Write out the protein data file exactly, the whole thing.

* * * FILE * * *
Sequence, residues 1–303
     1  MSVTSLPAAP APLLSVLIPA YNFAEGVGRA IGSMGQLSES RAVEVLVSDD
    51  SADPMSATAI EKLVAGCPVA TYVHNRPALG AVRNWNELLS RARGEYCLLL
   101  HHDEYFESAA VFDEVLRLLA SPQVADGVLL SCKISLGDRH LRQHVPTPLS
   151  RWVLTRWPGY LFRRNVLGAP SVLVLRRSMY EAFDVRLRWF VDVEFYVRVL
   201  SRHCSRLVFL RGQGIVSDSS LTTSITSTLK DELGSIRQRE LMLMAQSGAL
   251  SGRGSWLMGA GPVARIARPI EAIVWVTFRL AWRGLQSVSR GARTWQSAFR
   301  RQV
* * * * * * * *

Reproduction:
Sequence, residues 1–303
     1  MSVTSLPAAP APLLSVLIPA YNFAEGVGRA IGSMGQLSES RAVEVLVSDD
    51  SADPMSATAI EKLVAGCPVA TYVHNRPALG AVRNWNELLS RARGEYCLLL
   101  HHDEYFESAA VFDEVLRLLA SPQVADGVLL SCKISLGDRH LRQHVPTPLS
   151  RWVLTRWPGY LFRRNVLGAP SVLVLRRSMY EAFDVRLRWF VDVEFYVRVL
   201  SRHCSRLVFL RGQGIVSDSS LTTSITSTLK DELGSIRQRE LMLMAQSGAL
   251  SGRGSWLMGA GPVARIARPI EAIVWVTFRL AWRGLQSVSR GARTWQSAFR
   301  RQV